|I don't know what else to do
May 8, 2010
I'm a 26 year old male from Toronto, the weather is nice today and I should be out working, or in summer school or enjoying the sun with friends. Instead I am sitting here crying because I quit my job, dropped out of school and stopped speaking to my friends. I slept with someone once who was HIV positive as the TOP they lied to me about their status, the sex was brief two thrusts but the condom had a minor tear at the reservoir tip. I've gone on PEP and tested on Tuesday (May 3rd) the exposure was October 30th so it's 6 months. I don't feel negative, I'm scared I'm going to be one of those people that will test positive at the one year mark because I read that it is possible. My skin looks so bad and I'm sure it's HIV because it used to look perfect before. I don't know what to do I mean I don't want to find out any bad news and I don't think I'll make it to a one year test at the rate I am going at now. No one will give me a PCR to check for viral presence and I'm scared that I might do something stupid like kill myself, not saying that so you will answer my question, more like my mind has changed so much that I am not who I used to be before and nothing makes sense, everything bad is possible.
My doctor said my skin will get better when I stop feeling so bad, but every time I look in the mirror I feel awful all over again, it's become a which came first the chicken or the egg syndrome. I was wondering if I cross the border in the United States can PCR's be ordered as screening in Canada they are only ordered to treat people. I only want to feel better but I don't know how or when or if there will ever be a silver lining. I'm afriad I will become schizophrenic or mentally unbalanced on top of being positive. Every time I look at my face I cry and become unbalanced because I have read HIV causes all sorts of messed up skin problems.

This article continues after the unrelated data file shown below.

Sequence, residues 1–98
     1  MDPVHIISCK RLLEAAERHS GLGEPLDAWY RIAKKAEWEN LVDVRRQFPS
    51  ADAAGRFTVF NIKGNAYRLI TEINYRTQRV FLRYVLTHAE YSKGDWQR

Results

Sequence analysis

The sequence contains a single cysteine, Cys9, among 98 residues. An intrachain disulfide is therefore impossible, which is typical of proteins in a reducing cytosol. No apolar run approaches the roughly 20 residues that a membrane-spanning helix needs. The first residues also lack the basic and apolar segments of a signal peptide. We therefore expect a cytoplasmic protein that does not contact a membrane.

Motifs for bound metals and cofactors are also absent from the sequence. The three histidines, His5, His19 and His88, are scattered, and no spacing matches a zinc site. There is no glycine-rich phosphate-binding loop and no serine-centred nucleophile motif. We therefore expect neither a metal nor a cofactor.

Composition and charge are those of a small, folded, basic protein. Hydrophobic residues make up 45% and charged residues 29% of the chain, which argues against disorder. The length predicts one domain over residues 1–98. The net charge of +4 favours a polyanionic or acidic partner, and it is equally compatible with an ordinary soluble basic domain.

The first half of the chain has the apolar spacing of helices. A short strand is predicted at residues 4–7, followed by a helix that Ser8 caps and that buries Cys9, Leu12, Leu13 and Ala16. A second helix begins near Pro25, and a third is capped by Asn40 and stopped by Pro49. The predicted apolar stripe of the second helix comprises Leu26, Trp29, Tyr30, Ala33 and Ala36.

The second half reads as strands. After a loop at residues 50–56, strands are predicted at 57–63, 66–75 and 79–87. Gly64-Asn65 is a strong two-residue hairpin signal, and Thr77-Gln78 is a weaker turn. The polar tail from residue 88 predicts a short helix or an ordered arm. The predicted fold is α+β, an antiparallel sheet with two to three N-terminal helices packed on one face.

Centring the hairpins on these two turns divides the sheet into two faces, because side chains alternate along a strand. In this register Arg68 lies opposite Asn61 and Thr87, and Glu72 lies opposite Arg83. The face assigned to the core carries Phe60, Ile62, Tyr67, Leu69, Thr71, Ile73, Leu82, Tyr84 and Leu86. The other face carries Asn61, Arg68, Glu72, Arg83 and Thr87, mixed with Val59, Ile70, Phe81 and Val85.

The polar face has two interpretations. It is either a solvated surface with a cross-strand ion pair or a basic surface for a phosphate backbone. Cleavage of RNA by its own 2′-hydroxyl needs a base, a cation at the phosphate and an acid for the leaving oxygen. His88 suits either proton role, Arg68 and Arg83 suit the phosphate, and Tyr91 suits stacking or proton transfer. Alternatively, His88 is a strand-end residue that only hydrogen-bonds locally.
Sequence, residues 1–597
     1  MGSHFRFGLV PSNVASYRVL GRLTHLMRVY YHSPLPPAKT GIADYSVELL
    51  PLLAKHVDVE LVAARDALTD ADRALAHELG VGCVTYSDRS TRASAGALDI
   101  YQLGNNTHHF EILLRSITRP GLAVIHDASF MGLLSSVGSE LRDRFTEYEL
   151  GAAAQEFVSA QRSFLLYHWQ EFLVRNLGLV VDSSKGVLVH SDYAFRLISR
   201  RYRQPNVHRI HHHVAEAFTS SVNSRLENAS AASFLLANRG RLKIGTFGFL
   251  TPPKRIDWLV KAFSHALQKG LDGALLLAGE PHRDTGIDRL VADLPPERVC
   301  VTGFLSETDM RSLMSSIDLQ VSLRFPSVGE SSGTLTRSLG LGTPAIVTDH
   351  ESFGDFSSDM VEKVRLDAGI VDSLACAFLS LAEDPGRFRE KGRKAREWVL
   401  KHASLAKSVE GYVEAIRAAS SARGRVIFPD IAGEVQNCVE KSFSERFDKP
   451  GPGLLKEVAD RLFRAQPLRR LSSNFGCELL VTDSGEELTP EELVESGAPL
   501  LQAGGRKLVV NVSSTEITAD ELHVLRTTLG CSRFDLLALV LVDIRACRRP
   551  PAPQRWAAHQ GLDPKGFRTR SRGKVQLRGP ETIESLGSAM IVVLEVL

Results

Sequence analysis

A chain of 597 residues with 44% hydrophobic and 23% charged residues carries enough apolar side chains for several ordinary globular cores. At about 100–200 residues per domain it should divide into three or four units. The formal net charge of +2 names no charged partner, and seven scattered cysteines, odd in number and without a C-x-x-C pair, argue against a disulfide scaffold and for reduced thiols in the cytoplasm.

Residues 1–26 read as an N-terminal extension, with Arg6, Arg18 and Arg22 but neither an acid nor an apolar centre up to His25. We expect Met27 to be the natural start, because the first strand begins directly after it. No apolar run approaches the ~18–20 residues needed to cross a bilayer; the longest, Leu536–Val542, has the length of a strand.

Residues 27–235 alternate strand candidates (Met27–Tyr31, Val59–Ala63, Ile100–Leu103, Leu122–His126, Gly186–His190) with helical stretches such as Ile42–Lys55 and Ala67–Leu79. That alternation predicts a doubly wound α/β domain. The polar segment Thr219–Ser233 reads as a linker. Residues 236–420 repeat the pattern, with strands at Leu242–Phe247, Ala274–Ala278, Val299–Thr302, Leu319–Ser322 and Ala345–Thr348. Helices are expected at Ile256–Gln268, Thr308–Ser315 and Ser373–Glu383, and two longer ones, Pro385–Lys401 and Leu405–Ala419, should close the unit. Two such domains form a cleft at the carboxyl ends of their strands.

| Response from Dr. Frascino
Your HIV-acquisition risk is relatively low, due to:
1. Very limited exposure, due to only a "minor tear at the reservoir tip" of your condom;
2. Very limited exposure, due to only "two brief thrusts;"
3. You were treated with post-exposure prophylaxis (PEP).
Your "symptoms" (skin problems) are certainly not diagnostic or even suggestive of HIV (acute retroviral syndrome).
Your negative post-PEP HIV-antibody testing out to six months is definitive, conclusive and WOO-HOO-able; except you're not WOO-HOO-ing! The reason is that you've developed irrational fears related to HIV. Statements such as ". . . I'm scared that I might do something stupid like kill myself . . . I am not who I used to be before and nothing makes sense, everything bad is possible . . . I'm afraid I will become schizophrenic or mentally unbalanced . . . Everytime I look at my face I cry and become unbalanced because I have read HIV causes all sorts of messed up skin problems . . . I'm sure it's HIV . . . ."
The reality of the situation is that you had a very limited HIV exposure, developed very nonspecific skin symptoms, and have definitive negative HIV tests following a course of PEP. HIV is not your problem. No way. No how. No additional HIV testing (including PCR) is warranted. Despite the fact HIV is not your problem, you do indeed have a significant medical problem that requires immediate attention. You are clinically depressed and have developed paranoid ideation around being HIV infected. You need to see a psychiatrist without delay to help you confront and conquer your irrational fears and also to evaluate and treat your depression, anxiety and suicidal thoughts. Counseling (psychotherapy) and medications (antidepressants and anti-anxiety drugs) can be very effective in treating conditions like yours.
For your skin problem you should see a dermatologist. Remember, the cause of your skin problem is not HIV!
I urge you to get the help you desperately need without delay. I'm extremely confident that if you follow my advice, both your psychological and physical well-being will improve dramatically. Bring a copy of this post and my reply to your first visit with the psychiatrist and show it to him. Doing so will help to focus your treatment and speed your recovery.
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